Helmut Sonnenfeldt

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Helmut Sonnenfeldt (September 13, 1926 - November 18, 2012), also known as Hal Sonnenfeldt, was an American foreign policy expert.[1][2] He was known as Kissinger’s Kissinger for his philosophical affinity with and influence on Henry A. Kissinger, the architect of American foreign policy in the Nixon and Ford administrations.[2][3]

He was a veteran staff member of the National Security Council, and held several advisory posts in the U.S. government and the private sector. Later in life he was a visiting scholar at the Johns Hopkins School of Advanced International Studies and a Guest Scholar at The Brookings Institution.

Early life[edit]

Sonnenfeldt was born in 1926 in Berlin, Germany, to Drs. Walther and Gertrud (Liebenthal) Sonnenfeldt.[4] His family was Jewish. He spent his childhood in Gardelegen, Germany, where his parents had a family medical practice. In 1938, Sonnenfeldt was sent to Anna Essinger's Bunce Court School in England,[5] as was his brother, Richard Sonnenfeldt.[2] Helmut Sonnenfeldt remained in England until 1944, when he immigrated to the United States and rejoined his parents, who had resettled in Baltimore, Maryland. He entered the U.S. Army in 1944, became a naturalized American citizen and served in both the Philippines and in the U.S. occupation forces in Germany.[2]

After military service, he attended Johns Hopkins University (BA 1950, MA 1951, Johns Hopkins School of Advanced International Studies).[3]

Career[edit]

Helmut Sonnenfeldt entered service in the U.S. Department of State in 1952 as a member of the staff of the Office of Research on the Soviet Union and Eastern Europe, and served as the Director of that Office from 1963-1969.

Within days of the 1968 Nixon election, Henry Kissinger picked him to serve on the National Security Council staff. He was a senior staff member of the National Security Council from 1969-1974. In 1974, he was appointed Counselor of the U.S. Department of State, where he served from 1974, continuing after Nixon's resignation for the duration of the Ford administration.[2]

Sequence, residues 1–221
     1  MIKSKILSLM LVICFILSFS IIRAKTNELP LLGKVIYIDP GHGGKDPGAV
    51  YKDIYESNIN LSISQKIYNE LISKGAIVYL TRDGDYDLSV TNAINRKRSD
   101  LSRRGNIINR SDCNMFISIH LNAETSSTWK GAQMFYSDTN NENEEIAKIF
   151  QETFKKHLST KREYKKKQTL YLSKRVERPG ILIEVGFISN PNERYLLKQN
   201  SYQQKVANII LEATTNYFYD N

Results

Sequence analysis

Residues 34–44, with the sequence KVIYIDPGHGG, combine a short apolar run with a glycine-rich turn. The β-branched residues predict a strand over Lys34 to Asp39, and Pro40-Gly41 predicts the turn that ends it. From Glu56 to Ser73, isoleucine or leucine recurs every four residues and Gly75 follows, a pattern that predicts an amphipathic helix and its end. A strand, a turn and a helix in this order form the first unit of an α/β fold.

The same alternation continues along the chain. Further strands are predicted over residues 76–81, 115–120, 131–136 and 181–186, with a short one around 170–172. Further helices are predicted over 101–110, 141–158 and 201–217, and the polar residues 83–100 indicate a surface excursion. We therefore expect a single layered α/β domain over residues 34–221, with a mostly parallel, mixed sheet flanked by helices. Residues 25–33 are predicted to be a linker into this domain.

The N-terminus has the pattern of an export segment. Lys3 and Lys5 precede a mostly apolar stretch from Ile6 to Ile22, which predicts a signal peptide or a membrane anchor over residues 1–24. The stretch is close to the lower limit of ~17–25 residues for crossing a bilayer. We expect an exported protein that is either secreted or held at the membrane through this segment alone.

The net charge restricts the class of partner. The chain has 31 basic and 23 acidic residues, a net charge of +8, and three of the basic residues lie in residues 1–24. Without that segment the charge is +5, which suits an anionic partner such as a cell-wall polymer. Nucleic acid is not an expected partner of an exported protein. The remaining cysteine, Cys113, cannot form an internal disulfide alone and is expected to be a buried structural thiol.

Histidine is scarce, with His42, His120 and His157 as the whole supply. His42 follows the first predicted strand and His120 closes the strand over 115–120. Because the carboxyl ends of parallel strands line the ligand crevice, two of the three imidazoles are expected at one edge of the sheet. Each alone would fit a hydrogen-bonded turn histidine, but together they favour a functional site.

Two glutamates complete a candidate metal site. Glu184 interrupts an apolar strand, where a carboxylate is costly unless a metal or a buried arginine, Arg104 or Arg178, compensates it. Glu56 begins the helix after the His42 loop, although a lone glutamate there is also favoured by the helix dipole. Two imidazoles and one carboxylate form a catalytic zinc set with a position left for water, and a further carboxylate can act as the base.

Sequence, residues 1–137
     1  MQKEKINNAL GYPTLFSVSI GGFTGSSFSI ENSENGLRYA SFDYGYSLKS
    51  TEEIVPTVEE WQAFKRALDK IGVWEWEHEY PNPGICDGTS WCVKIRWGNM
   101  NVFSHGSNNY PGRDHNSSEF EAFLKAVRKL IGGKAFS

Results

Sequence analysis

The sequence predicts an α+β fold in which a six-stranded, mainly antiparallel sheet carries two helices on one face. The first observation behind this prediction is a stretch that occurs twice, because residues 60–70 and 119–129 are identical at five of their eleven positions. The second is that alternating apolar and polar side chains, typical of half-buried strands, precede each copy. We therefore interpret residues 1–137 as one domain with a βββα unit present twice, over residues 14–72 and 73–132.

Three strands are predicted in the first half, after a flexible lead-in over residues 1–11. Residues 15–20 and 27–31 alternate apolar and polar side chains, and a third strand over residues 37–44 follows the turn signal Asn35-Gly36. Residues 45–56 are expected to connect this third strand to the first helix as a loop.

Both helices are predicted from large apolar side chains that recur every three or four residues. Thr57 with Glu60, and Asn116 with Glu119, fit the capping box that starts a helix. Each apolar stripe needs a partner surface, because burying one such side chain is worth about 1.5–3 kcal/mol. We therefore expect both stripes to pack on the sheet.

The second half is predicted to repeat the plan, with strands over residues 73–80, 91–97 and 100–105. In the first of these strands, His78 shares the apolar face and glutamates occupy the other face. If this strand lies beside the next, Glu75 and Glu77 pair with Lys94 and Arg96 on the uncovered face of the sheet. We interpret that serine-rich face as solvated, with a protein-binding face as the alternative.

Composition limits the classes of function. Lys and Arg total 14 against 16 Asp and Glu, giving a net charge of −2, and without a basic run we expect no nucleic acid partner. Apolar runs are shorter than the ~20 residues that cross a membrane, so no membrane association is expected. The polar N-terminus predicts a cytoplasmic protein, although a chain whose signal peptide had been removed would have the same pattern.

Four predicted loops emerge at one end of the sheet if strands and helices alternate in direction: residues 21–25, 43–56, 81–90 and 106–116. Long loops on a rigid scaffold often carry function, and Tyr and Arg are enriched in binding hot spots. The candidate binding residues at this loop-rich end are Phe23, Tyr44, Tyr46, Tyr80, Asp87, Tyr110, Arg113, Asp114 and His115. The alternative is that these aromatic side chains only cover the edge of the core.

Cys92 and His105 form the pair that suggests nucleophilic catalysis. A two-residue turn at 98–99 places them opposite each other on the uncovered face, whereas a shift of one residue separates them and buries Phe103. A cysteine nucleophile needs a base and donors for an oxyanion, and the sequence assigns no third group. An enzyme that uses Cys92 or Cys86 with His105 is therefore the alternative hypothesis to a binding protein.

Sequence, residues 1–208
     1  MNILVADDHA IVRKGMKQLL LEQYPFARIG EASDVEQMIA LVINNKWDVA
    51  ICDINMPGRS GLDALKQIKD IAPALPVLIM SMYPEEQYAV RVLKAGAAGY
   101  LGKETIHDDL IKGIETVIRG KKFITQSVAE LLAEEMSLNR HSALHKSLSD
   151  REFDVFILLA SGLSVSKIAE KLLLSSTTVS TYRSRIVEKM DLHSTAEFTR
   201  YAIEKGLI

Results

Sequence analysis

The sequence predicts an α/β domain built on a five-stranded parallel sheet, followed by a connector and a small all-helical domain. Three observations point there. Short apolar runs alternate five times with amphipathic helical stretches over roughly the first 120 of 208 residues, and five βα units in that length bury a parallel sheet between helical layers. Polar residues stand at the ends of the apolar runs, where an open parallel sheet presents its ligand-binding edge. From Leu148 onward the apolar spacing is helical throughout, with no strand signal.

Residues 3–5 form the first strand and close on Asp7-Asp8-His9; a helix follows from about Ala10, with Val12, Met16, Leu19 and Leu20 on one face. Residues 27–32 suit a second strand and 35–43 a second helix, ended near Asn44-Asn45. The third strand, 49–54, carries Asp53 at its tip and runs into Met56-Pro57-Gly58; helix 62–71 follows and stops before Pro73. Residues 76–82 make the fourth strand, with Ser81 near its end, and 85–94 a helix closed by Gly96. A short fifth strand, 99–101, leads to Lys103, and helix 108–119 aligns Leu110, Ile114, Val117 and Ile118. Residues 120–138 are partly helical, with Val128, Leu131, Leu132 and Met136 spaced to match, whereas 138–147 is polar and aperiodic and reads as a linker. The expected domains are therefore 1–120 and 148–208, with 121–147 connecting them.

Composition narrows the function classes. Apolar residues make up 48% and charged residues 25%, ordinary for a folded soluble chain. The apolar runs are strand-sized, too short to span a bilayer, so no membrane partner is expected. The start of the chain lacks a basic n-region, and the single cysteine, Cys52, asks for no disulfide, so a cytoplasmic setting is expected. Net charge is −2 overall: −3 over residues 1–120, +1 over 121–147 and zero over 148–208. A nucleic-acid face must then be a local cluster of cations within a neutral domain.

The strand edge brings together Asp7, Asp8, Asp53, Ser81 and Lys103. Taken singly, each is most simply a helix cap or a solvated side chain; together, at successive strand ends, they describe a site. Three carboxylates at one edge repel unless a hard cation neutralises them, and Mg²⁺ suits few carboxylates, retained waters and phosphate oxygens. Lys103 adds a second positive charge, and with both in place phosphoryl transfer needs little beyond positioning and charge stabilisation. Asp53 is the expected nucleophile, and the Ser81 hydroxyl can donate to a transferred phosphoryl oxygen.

During his time in the National Security Council and in the State Department, he was a close assistant and adviser of Kissinger and became known as "Kissinger's Kissinger".[6]

After leaving government service, he was a visiting scholar at the Johns Hopkins School of Advanced International Studies. Since 1978, he had been a Guest Scholar at the Brookings Institution in Washington, D.C..[7]

Family[edit]

In 1953, he married Marjorie Hecht. They had three children: Babette Hecht, Walter Herman and Stewart Hecht.

Death[edit]

Sonnenfeldt died on Sunday, November 18, 2012 after a long illness, leaving behind his wife and their three children. The cause was complications of Alzheimer’s disease.[2]

Publications[edit]

He is author of the following books and articles:

  • Sonnenfeldt, Helmut. Soviet Style in International Politics. Washington, DC: Washington Institute for Values in Public Policy (1985) ISBN 978-0-88702-010-0
  • Sonnenfeldt, Helmut. Soviet Politics in the 1980s. Boulder: Westview Press (1985) ISBN 978-0-86531-863-2
  • Sonnenfeldt, Helmut, and Hyland, William G. Soviet Perspectives on Security. Adelphi papers, no. 150. London: International Institute for Strategic Studies (1979) ISBN 978-0-86079-027-3

Awards[edit]

He has also been honored by the governments of France, Germany, Luxembourg and Sweden.

References[edit]

  1. ^ "Helmut Sonnenfeldt, top adviser to Kissinger, dies at 86". stljewishlight.com. 2012-11-21. Retrieved 2012-11-21. 
  2. ^ a b c d e f Martin, Douglas (21 November 2012). "Helmut Sonnenfeldt, Expert on Soviet and European Affairs, Is Dead at 86". The New York Times. Retrieved 22 November 2012. 
  3. ^ a b Langer, Emily (21 November 2012). "Helmut Sonnenfeldt, aide to Henry Kissinger, dies at 86". The Washington Post. Retrieved 22 November 2012. 
  4. ^ Polner, Murray (1982). American Jewish biographies. Facts on File, inc. ISBN 9780871964625. 
  5. ^ Anthea Gerrie, "Revealed: the wartime school that saved lives" The Jewish Chronicle (August 11, 2011). Retrieved September 29, 2011
  6. ^ Daniel Möckli, European Foreign Policy during the Cold War. Heath, Brandt, Pompidou and the Dream of Political Unity, London 2009, p. 179.
  7. ^ Kalb, Marvin. "The Ever-Expanding Definition of an "American": A Tribute to Helmut Sonnenfeldt". Brookings Institute. Retrieved 22 November 2012. 

External links[edit]